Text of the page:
As described above, anti-glare and glossy displays have attendant advantages and disadvantages. Unfortunately, notebook computer purchasers are typically left with a choice between one type of display or the other, such that the best results cannot be obtained for every use scenario. As described in the following, however, the advantages of both types, display can be exploited while simultaneously avoiding the attendant disadvantages when the computing device comprises a glossy display and a removable anti-glare film. In such a case, the sheen of the display is user-selectable so that the display can be optimized for the ambient conditions in which the computing device is used.
Referring now in more detail to the drawings in which like numerals indicate corresponding parts throughout the views, FIG. 1 illustrates a computing device 100 in the form of a notebook of “laptop” computer. Although, a notebook computer has been explicitly illustrated and identified, it is noted that the notebook computer is cited only as an example. Therefore, the teachings of the present disclosure equally apply to other computing devices such desktop computers, personal digital assistants, mobile telephones, and game consoles. Furthermore, the teachings equally apply to independent flat panel displays and televisions.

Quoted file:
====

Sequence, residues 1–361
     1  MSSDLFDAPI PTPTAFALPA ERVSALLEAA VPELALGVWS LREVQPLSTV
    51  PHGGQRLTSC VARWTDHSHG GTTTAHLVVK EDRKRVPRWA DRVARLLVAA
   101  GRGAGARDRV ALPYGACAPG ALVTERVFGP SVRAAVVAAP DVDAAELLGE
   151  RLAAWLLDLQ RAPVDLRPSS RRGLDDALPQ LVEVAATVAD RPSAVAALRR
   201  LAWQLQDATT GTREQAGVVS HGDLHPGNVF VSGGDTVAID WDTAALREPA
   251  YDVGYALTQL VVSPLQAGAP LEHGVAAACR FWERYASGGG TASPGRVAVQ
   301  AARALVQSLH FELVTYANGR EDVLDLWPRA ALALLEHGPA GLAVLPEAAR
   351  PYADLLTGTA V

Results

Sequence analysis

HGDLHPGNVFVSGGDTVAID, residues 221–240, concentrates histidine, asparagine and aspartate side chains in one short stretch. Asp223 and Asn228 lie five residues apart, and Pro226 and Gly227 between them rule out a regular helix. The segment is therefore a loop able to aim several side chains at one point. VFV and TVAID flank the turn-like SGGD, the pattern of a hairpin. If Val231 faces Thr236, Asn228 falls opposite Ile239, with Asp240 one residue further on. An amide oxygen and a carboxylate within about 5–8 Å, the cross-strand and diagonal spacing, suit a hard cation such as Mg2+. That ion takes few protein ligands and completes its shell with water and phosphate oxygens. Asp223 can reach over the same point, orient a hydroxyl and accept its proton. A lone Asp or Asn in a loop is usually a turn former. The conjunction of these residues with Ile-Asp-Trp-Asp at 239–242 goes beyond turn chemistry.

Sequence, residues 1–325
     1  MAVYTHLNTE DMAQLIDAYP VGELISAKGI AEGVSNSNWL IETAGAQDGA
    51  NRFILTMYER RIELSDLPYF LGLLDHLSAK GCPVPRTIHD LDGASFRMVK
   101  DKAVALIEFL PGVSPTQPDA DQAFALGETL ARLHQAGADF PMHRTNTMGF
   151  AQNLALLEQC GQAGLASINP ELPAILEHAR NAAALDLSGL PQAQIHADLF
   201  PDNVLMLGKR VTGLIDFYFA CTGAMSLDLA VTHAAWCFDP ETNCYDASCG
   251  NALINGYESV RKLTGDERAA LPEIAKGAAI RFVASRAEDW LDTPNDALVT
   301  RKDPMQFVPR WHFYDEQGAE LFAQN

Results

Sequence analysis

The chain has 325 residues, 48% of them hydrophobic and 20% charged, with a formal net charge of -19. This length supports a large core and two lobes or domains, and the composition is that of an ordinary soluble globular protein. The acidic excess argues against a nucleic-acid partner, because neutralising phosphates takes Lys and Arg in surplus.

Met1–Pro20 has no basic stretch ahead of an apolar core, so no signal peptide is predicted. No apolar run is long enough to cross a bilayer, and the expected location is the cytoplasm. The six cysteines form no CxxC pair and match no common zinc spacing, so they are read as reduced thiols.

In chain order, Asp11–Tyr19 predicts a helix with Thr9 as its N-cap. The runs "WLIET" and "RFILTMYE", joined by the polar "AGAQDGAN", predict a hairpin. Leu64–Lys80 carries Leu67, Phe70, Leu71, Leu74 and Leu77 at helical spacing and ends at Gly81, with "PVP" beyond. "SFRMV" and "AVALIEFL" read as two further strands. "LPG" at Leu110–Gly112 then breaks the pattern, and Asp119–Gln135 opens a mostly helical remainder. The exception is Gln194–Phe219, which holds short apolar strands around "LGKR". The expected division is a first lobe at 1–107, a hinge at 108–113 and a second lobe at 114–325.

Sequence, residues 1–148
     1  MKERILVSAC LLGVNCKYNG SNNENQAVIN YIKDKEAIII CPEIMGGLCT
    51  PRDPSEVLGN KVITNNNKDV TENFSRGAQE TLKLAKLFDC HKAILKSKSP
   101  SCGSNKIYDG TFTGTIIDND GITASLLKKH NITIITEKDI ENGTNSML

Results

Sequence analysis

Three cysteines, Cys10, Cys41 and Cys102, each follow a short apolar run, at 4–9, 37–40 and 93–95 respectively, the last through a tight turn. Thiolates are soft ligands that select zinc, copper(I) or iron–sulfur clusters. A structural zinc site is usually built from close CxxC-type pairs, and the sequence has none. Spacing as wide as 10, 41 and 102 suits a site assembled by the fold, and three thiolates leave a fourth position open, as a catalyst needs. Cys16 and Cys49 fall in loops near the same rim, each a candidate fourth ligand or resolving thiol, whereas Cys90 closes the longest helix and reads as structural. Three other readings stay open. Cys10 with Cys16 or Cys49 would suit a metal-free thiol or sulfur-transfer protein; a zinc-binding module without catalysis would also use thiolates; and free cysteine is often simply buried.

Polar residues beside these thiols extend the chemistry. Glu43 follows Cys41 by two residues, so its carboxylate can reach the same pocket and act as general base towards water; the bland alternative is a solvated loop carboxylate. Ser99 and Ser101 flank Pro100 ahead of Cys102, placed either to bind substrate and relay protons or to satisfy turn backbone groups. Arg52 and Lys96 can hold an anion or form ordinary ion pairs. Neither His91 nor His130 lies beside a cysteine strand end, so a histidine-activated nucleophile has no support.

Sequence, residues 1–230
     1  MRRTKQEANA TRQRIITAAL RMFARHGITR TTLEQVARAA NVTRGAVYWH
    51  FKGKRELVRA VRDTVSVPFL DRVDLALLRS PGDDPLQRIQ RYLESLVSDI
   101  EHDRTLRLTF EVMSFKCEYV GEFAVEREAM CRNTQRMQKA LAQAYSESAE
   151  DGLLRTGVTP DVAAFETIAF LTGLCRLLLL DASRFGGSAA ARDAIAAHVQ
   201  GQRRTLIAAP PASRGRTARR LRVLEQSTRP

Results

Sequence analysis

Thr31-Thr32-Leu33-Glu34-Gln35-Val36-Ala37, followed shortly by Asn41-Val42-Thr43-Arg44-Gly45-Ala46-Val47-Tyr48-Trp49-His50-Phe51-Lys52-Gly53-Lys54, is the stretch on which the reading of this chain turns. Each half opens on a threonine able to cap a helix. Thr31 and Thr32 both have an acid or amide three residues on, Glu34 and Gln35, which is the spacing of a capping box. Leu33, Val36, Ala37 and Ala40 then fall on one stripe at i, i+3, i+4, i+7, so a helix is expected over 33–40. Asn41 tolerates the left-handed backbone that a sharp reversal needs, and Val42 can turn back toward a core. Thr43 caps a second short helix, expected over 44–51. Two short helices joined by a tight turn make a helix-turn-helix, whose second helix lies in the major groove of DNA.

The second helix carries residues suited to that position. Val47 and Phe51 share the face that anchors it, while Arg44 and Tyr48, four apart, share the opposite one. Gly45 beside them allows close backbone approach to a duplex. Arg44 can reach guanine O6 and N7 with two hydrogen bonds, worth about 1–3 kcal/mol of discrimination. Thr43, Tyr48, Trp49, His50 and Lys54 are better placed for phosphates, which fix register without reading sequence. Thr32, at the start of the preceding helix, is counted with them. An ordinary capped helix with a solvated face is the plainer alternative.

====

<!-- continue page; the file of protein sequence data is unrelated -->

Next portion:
As indicated in FIG. 1, the computing device 100 includes a base portion 102 and a display portion 104 that are attached to each other with a hinge mechanism (not shown). The base portion 102 includes an outer housing 106 that surrounds various internal components of the computing device 100, such as a processor, memory, hard drive, and the like. Also included in the base portion 102 are user input devices, including a keyboard 108, a mouse pad 110, and selection buttons 112, as well as various ports or connectors 114 that are accessible through the housing 106.